Voting has opened in the Longitude Prize 2014, which offers a £10m reward to whoever can first or most effectively solve a great scientific challenge selected by the British public.
Voters may now choose from a shortlist of six health or sustainability-themed candidates, which were introduced in a special 50th anniversary episode of Horizon aired on BBC2 on Thursday night.
The options are:
- Flight – How can we fly without damaging the environment?
- Food – How can we ensure everyone has nutritious sustainable food?
- Antibiotics – How can we prevent the rise of resistance to antibiotics?
- Paralysis – How can we restore movement to those with paralysis?
- Water – How can we ensure everyone has access to safe and clean water?
- Dementia – How can we help people with dementia live independently for longer?
Solutions put forward on the show ranged from mealworm quiches to robot assistants. More information on each of the challenges is available on the prize’s website.
- UK Supermarket Meat Found To Contain Shocking Amounts Of Antibiotic-Resistant E.Coli
- Letter to the editor: on the war against antimicrobial resistance
- GPs giving out more antibiotics despite warnings over dependency
- EU-US trade deal will ‘force farmers out of business’, say producers
- PM: new generation of antibiotics needed to avoid ‘unthinkable scenario’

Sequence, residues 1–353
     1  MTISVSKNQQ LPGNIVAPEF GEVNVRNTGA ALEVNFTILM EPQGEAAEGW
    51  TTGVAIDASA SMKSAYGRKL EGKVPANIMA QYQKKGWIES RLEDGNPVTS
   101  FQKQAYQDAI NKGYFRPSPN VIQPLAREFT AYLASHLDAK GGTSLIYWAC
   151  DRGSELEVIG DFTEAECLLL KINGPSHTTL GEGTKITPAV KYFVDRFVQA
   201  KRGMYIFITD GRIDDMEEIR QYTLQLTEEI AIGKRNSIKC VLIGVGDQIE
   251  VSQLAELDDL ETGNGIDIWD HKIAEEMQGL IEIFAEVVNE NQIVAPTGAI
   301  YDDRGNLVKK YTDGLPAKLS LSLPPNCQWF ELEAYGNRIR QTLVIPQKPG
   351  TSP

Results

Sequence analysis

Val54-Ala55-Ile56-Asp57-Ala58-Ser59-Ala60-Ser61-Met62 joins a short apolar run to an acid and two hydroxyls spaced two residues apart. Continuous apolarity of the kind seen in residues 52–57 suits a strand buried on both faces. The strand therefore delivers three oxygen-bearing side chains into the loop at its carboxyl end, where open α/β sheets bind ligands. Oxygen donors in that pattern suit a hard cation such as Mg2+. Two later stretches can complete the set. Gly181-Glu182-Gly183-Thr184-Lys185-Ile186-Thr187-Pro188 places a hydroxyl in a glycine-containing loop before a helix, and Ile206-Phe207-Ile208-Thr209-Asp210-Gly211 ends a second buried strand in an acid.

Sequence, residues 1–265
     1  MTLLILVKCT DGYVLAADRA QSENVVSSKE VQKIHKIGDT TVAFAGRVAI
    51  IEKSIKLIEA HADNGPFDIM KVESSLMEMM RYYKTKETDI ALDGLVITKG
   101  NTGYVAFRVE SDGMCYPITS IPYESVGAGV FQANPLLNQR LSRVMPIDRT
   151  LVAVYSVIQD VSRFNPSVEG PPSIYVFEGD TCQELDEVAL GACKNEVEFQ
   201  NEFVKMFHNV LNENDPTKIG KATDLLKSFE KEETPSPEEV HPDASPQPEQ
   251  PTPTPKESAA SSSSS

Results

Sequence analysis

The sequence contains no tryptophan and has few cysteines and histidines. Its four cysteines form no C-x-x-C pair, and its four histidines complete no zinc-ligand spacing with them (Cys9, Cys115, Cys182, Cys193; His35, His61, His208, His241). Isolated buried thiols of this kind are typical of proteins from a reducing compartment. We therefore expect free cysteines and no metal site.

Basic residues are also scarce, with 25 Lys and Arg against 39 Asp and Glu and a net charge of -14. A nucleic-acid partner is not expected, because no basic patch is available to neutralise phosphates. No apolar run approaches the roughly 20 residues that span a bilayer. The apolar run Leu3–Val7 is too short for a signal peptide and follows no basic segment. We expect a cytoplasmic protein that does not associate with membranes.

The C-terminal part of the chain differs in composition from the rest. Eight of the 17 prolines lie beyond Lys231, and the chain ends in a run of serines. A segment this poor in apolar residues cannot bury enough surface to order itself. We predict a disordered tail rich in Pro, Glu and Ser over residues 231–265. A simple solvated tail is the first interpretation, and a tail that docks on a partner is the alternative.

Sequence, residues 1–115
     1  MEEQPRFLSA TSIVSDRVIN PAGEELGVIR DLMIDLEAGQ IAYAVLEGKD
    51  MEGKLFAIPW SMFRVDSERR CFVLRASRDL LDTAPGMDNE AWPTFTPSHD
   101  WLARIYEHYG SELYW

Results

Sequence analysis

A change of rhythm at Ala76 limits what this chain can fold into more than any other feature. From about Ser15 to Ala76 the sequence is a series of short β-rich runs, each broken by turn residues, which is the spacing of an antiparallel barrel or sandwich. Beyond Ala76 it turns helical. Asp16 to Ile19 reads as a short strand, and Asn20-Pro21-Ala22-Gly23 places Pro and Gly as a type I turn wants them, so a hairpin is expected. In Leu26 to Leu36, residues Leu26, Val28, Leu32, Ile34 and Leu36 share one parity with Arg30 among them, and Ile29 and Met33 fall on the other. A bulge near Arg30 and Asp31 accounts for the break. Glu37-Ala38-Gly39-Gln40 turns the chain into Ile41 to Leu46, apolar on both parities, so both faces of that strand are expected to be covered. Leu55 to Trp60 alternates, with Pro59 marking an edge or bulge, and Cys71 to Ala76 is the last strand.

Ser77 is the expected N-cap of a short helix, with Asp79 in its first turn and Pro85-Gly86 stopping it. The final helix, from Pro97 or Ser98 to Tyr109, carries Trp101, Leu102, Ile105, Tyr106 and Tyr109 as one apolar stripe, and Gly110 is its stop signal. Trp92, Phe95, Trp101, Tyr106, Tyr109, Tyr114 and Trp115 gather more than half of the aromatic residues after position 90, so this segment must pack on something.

The result of the public vote will be announced on June 25, and the clock will start for entrants in September. The Longitude Prize will then run for five years, or until the prize is won.
The prize takes its name from a 300-year-old act of parliament that offered £20,000 to anyone who could devise a method that nautical navigators could use to calculate their longitude at sea.
In the end, two solutions were devised: one from John Harrison, a self-educated Yorkshire clockmaker, and one from a team including British mathematician John Hadley and German astronomer Tobias Mayer.
As a result of disputes and politicians dragging their feet, none of the men ever claimed the full prize. In 1773, Harrison was finally compensated for his troubles, when he was 80-years-old.
While entrants to the revamped competition will be hoping they do not have to wait so long, the public will be hoping that the prize once again brings out the best of scientific innovation.
Photo: Longitude Prize via Twitter